Northend Greenway

Good for you, Good for the 'Burg!

[Green] Guerilla Crusade Comes to Harrisonburg

Posted by @northendgrnway on August 7, 2013

‘Walk The Burg’ Project Aims To Combat Car Culture

A battered, but ever-effective sign from the Walk The Burg movement. The signs were hung in late March, five months later a few can still be found across the City.

A battered, but ever-effective sign from the Walk The Burg movement. The signs were hung in late March, five months later a few can still be found across the City. Photo by Vanessa Ehrenpreis

Earlier this spring James Madison University students armed with paper and zip ties took to the streets, starting an unusual kind of guerilla war. The goal was to change the ‘Burg for the better, and in more ways than one.

“We’re really trying to push against car culture,” Kyle Byrd, a senior at JMU, said. “In general, but especially in Harrisonburg, there is a huge car culture. People just don’t know how close things are, so they jump in their car; it’s the default.”

Byrd and a cadre of 13 other students in Professor Audrey Barnes’ Design + Sustainability class at JMU undertook a mission to encourage people to walk short trips across the city that they are typically inclined to drive. Their tool of choice? Simple, clean, eye-catching signs.

The project, dubbed ‘Walk The ‘Burg,’ began through a collaboration with Suzi Carter and the Northend Greenway. Carter and Barnes were inspired by the Walk [Your City] movement, which originated last year in Raleigh, North Carolina. WYC aims to foster civic innovation, social health and economic growth by “getting more feet on the street.” The project has spread rapidly across America, even reaching cities as far-flung as Kiev, Ukraine since its conception.

Barnes took the walk your city concept but altered it slightly to fit JMU and Harrisonburg. In addition to encouraging walking, Barnes also wanted to “bolster Harrisonburg and JMU’s love for each other.”

“[Our goal] was definitely multipurpose. The obvious aim was to encourage people to walk these smaller distances, but even larger than that was rearranging our understanding of distance in time. Most people don’t realize how reasonable and easy it is to walk from JMU to downtown. We also wanted to target students to be more engaged in the Harrisonburg community, and make them aware of what’s in Harrisonburg. Many of them just don’t know what’s here,” Barnes said.

Students In Professor Barnes' Design + Sustainability class mark their most used or favorite locations across Harrisonburg. This preliminary mapping exercise helped identify potential areas for signs.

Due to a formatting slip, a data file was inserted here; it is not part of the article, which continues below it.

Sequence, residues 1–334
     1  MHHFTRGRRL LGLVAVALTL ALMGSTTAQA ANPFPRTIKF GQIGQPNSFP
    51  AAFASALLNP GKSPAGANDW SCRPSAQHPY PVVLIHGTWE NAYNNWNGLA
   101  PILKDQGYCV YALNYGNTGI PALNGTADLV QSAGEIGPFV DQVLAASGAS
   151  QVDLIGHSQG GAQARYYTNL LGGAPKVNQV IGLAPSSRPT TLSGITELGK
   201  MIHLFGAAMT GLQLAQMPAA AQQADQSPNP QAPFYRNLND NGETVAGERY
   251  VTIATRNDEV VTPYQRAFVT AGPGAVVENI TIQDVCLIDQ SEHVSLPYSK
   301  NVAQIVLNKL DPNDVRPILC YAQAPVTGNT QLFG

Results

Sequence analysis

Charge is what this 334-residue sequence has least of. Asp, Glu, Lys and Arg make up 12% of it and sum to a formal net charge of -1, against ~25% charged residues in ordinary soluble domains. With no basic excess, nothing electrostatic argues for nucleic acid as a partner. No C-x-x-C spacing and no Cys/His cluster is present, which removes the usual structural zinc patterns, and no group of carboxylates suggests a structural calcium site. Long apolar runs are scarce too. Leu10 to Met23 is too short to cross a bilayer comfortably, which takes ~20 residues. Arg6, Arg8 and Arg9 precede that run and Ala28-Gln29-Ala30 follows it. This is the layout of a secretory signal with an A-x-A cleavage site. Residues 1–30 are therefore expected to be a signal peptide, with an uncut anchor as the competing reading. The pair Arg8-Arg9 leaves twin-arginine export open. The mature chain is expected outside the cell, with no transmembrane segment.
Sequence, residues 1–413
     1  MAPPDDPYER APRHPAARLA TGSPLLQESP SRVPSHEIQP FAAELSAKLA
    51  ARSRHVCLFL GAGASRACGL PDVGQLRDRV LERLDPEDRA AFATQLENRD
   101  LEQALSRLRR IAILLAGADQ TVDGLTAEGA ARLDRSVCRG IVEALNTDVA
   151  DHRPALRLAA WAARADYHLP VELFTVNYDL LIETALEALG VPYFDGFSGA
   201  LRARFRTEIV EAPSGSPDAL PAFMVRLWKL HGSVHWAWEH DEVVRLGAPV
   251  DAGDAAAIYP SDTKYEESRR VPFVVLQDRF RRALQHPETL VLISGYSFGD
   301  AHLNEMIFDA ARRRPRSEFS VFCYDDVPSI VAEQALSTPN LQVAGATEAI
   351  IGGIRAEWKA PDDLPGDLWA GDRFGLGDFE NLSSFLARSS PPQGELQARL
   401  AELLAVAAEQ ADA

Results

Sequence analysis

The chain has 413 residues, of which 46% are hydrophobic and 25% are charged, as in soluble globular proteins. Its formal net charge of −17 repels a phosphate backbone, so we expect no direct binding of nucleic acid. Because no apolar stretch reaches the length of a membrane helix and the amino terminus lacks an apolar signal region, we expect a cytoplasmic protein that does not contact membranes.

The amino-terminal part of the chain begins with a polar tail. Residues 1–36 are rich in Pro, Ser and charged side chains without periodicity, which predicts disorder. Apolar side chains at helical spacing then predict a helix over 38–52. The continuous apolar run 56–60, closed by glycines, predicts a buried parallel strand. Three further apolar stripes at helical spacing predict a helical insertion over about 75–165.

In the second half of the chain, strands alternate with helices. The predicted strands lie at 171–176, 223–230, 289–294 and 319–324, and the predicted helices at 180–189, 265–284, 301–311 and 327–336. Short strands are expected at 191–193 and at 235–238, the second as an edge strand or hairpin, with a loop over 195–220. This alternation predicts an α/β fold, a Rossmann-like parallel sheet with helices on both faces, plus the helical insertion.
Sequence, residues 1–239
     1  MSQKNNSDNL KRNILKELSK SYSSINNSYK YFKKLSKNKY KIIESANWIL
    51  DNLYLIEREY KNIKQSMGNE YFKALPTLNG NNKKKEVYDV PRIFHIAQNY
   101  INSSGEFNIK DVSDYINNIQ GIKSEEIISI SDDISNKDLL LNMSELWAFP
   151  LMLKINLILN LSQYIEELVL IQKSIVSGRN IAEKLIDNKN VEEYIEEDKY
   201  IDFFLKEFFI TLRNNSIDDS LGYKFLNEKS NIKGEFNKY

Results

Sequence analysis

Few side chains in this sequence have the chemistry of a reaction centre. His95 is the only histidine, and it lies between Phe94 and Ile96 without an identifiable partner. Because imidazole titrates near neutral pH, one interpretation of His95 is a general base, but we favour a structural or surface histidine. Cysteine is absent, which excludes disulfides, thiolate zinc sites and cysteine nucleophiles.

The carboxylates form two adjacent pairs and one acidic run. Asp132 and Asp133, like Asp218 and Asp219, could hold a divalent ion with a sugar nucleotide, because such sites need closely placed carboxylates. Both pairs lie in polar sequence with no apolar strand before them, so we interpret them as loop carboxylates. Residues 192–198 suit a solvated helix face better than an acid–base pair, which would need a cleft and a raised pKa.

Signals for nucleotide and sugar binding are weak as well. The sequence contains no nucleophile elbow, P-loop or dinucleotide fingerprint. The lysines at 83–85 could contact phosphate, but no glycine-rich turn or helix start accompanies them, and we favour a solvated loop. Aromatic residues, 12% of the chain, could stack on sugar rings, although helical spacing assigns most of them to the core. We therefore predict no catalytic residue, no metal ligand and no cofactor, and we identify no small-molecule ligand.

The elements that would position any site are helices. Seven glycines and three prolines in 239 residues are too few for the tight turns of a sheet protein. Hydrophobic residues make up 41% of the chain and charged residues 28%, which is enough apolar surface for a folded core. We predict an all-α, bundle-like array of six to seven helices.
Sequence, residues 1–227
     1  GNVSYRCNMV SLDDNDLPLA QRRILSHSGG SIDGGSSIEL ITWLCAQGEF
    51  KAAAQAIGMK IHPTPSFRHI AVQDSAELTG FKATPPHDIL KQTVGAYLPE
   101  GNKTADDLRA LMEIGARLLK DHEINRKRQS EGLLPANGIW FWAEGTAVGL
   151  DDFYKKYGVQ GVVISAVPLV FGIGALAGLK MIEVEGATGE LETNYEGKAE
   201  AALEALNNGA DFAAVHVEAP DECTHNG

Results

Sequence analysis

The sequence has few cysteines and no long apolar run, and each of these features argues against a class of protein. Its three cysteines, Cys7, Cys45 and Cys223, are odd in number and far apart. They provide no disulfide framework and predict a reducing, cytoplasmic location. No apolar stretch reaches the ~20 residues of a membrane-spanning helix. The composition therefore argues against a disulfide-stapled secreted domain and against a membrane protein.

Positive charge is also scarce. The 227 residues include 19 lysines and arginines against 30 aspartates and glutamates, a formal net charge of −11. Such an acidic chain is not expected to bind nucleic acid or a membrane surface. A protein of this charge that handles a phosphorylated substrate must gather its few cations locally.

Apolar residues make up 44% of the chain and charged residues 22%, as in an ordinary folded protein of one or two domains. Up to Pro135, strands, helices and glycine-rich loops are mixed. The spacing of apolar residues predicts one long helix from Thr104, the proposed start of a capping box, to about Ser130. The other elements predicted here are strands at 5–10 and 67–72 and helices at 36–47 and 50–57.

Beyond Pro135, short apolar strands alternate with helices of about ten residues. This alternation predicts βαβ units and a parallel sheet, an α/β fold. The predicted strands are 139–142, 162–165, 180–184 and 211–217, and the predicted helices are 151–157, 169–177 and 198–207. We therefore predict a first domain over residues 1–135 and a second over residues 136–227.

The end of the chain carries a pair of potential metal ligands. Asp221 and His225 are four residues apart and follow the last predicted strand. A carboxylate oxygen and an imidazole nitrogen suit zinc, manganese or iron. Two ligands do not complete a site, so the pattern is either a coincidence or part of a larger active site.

Students In Professor Barnes’ Design + Sustainability class mark their most used or favorite locations across Harrisonburg. This preliminary mapping exercise helped identify potential areas for signs. Photo courtesy of Audrey Barnes.

As a JMU student Byrd acknowledges that there is a disconnect between the University and City communities, in part because of students’ housing location and general misunderstanding about distance and time. The class’ first step in countering that disconnect was to educate the public about the basics.

“Things are rarely as far as people think. If someone says that Court Square is 1 mile away that sounds a lot farther than saying it’s a 15 minute walk,” Barnes said. “We specifically used minutes instead of miles on the signs because that’s how we speak. People think and measure distance in terms of time.”

The signs had to appeal to students and citizens alike, making their physical design and selected location crucial.

“First and foremost we wanted to catch peoples eyes, make them stop and look at the sign. Second we needed to simply and boldly display the information. Third, we wanted something different that would really stand out from everything else on a street and sidewalk,” Byrd said.

With the design complete, the signs were placed across the city, especially near student apartment complexes, JMU campus, and the downtown area. Posting signs in the City of Harrisonburg is technically illegal, which added an extra ‘guerilla’ spin to the project that both Byrd and Barnes enjoyed.

“It’s always fun to do something subversive,” Barnes said chuckling.

While almost all of the signs have been taken down by now, there was no initial blow back from city officials, perhaps an indication that the project succeeded in piquing the interest of a large portion of the Harrisonburg community. JMU administration also took notice. Byrd presented the Walk The ‘Burg project to the University’s Bicycle Pedestrian Advisory Committee this past May.

Barnes is hopeful that Walk the ‘Burg is one of many projects that will push Harrisonburg away from car culture.

“Cultural shifts are about changing social norms, and those shifts have to come from multiple angles. This project, and the Greenway are pushing that shift in the Harrisonburg community,” Barnes said. “I’m hopeful that there’s a scrappiness to Harrisonburg that can propel [alternative transportation] forward.”

Want to stay updated with the Walk The Burg project? Follow their work on Facebook and Twitter.

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